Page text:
The delineation of the clinical target volume (CTV) and organs at risk has been described in detail previously [19]. Briefly, the CTV for the pelvic nodes was delineated by contouring a 0.7 cm radial area around the pelvic iliac vessels and adding a 2 mm margin to obtain a planning target volume (PTV). The medial portion of the presacral nodal area was left out in the delineation of lymph nodes, aiming to spare the recto-sigmoid, otherwise the contouring was per the recommendations attainable by the Radiation Therapy Oncology Group Web site (www.rtog.org).

The rectum was contoured from the anus to the rectosigmoid flexure. In the approved IMRT protocol predefined protocol-stated dose constraints to the OARs were mandatory. The use of 3D-conformal radiation therapy (CRT) and IMRT in prostate cancer permits dose escalation strategies with improved sparing of normal tissue.

The inverse planning software in Oncentra Masterplan (Nucletron, Veenendal, The Netherlands) was applied during the pilot phase of the study, and after 2006 the inverse planning software Konrad obtained from MRC Systems (MRC Systems GmbH, Heidelberg, Germany) was applied. Treatment plans were generated by seven coplanar fields to the delineated pelvic structures up to a total dose of 50 Gy encompassing the prostate, seminal vesicles and nodal basins (target volumes; PTV) by use of 15-MV photon beams. Radiation to the boost volume (24 Gy to the seminal vesicles and the prostate for T3b; 24 Gy to the prostate alone for ≤ T3a) was done by a four-field box technique. No attempt for dose escalation to N+ patients was included in this protocol. Patients were instructed to empty the rectum and keep the bladder filled during the course of radiotherapy. In the optimized plan the prescribed radiation dose was set equal to the mean dose of the ITV according to the International Commision on Radiation Units and Measurements Reports 62 (ICRU Report 62, www.icru.org). Image guided patient set-up and irradiation was performed by daily field matching on bony landmarks for the majority of patients and on three implanted fiducial markers (Goldlock III, BeamPoint AB, Stockholm, Sweden) in 30 patients.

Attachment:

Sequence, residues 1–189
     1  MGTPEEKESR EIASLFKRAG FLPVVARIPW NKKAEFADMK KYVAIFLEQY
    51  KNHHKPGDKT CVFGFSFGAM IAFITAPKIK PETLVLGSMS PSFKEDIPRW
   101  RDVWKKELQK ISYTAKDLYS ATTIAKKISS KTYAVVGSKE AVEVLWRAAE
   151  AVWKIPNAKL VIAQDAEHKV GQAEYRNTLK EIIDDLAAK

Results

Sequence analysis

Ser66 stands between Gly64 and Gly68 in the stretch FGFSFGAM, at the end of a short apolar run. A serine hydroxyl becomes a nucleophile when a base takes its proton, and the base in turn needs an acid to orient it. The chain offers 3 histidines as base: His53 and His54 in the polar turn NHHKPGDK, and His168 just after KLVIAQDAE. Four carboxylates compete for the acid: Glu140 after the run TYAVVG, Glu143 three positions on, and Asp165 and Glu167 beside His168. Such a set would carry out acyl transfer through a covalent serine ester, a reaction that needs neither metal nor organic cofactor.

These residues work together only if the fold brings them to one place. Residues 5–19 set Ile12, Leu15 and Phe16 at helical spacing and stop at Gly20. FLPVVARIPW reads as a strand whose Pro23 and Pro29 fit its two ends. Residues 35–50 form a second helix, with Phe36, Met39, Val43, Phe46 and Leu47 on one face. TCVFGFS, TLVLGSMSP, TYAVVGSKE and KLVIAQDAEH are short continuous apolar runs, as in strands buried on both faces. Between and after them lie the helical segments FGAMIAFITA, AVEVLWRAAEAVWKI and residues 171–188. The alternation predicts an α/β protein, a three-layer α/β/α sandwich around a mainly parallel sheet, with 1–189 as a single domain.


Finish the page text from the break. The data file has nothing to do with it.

Androgen deprivation therapy (ADT)

All patients started neo-adjuvant ADT 6 months prior to IMRT, and this treatment was continued to a maximum of 2.5 years in some patients with pN+ and a very high-risk profile (Table 1). We applied a 3-months depot injection with gosereline (Zoladex® 10.8 mg sc). As prophylaxis against flare-ups, bicalutamide 50 mg × 1 orally was given for 30 days, beginning 1 week prior to first injection of gosereline.
Table 1

Demographic, disease, and treatment characteristics

Characteristic

Lymph node positive (n = 58)